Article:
I’ve worked in the aerospace industry for almost 5 years now since I graduated college. And whenever I tell people what line of work I’m in, they undoubtedly ask if I ever get to fly in the planes I work on for free. Sadly the answer is always no, actually there aren’t a whole lot of flight related benefits that being an engineer will get you. Generally, it’s only the flight attendants and pilots who get to fly for free.
But even though my job doesn’t get me many freebies, that doesn’t stop me from trying to fly for free. When I first started flying as a young guy, I remember laying out in the back of a plane across three seats. But in the past 10 years, we’ve seen a huge shift with the airlines: fuel costs are rising, competition has gone up and that’s forced bankruptcies and mergers like the recent joining of American Airlines and US Airways. There are only three major airlines in the US now(Delta, AA and United) and generally less competition is a bad thing for consumers.
Flying is Getting Costly
I’m sure you’ve noticed that flying is pretty expensive these days and the big three airlines are some of the worst when it comes to added fees and lack of service. I always try to fly Southwest whenever I fly domestically but there are times when I have to go with one of the big three. Southwest is awesome when it comes to customer service and they rarely try to nickel and dime you like other airlines.
Related Article: Get the 2014 US Airways Card and 40,000 points
Since I vacation to Hawaii pretty often, I fly AA the most out of any major carrier. They have cheap nonstop flights from the West Coast to the islands and I also have a lot of frequent flier miles racked up with them. Everything came together on my most recent flight to Hawaii and I was pretty much able to spend next to nothing for two roundtrip tickets to Hawaii. Here’s how I did it:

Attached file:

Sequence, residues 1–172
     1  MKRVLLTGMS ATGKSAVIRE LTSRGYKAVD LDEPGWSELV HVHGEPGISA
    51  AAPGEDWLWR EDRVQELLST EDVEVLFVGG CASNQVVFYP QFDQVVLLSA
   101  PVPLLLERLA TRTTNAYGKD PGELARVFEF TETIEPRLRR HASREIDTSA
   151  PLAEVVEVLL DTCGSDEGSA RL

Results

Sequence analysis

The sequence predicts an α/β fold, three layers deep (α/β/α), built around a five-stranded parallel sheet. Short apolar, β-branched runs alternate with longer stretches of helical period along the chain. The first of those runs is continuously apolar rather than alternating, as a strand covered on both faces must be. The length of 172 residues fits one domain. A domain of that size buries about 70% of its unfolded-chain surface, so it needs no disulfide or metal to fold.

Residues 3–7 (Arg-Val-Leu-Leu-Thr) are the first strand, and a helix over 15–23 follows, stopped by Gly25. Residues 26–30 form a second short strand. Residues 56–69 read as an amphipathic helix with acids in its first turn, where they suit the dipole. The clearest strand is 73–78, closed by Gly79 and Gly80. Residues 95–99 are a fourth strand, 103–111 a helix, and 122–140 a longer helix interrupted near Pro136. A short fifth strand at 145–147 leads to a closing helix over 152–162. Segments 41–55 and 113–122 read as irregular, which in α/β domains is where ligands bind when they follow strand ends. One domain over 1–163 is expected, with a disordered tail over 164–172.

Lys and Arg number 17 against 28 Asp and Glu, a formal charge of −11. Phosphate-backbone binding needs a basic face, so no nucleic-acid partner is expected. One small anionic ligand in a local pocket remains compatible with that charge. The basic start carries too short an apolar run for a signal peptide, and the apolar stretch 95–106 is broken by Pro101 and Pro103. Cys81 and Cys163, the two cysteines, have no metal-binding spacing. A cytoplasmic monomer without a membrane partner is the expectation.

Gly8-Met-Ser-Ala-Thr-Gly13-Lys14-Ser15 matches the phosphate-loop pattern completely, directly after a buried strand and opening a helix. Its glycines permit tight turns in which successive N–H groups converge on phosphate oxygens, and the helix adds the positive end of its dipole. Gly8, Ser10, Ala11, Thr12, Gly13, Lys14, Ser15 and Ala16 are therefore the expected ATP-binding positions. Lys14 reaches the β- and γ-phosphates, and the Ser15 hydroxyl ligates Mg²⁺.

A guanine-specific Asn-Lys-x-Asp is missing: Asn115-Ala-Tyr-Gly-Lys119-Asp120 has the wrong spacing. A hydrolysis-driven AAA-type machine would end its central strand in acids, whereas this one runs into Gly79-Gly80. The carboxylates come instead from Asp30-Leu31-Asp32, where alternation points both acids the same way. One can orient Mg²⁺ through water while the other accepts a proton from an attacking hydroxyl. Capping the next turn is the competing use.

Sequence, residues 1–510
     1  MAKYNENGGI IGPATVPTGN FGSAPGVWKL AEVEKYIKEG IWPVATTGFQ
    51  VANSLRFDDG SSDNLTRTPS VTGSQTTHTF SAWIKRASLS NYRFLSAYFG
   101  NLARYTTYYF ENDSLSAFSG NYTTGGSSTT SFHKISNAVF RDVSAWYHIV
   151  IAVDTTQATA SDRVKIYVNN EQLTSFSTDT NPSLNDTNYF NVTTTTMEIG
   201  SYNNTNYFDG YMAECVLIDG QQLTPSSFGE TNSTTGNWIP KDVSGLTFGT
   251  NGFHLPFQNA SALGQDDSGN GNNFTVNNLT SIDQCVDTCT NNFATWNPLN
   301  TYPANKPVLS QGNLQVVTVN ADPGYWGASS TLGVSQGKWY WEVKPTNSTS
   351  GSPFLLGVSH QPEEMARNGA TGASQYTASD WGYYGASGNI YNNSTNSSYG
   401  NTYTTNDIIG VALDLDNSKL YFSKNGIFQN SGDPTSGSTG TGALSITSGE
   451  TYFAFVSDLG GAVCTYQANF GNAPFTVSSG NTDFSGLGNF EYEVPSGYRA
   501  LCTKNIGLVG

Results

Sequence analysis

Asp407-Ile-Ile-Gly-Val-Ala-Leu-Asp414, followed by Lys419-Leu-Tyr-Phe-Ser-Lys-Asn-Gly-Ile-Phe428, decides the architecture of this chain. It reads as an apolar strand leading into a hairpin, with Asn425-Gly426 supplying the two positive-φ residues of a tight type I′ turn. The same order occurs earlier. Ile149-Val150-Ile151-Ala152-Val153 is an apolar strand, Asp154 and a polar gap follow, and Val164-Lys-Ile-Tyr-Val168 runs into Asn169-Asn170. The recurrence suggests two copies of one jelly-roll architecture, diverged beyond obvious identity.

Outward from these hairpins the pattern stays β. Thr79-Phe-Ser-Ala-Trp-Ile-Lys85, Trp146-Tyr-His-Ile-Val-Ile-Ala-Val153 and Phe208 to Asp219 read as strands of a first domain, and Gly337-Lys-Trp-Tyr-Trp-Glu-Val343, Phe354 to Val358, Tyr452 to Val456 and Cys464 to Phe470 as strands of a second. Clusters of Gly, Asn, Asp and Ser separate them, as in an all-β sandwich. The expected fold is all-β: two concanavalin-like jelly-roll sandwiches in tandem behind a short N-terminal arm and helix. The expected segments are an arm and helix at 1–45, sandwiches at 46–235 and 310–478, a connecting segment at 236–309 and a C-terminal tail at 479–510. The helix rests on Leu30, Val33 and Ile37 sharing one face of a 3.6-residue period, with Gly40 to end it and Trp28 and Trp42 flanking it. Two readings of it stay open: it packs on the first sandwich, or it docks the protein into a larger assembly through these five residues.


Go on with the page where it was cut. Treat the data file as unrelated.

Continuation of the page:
Getting to/from the Airport
Even though technically this isn’t really part of flying, it is something that you’ll need to think about every time you fly. We flew out of LAX this time, so I used a place called Sam’s Park and it ended up being only $10/day including the base rate($7/da7), tax and fees. Every situation and every airport is different so I usually like to compare my options when it comes to getting to/from the airport. I’ve done everything from public transportation, Uber/Lyft, car sharing to getting dropped off by friends.
Checking In Baggage
This is one area where the big three airlines tend to take advantage of flyers. AA charges $25 for the first checked bag and although that may not seem like a lot, you’ll have to pay it both ways and for each person you’re traveling with. You can avoid this charge if you’re an AAdvantage Gold member but sadly I am not. AA is the only airline I don’t have status on even though it’s the one I fly on the most.
But there is a way you can still get a free checked bag and that’s by signing up for the Citi Platinum Select AAdvantage Card. The nice thing about this card is that it also gets you Group 1 boarding and you don’t even have to pay for the reservation with your card. All you have to do is have your AAdvantage Frequent Flier number tied to the reservation and you plus everyone in your party will get group 1 boarding and one free checked bag.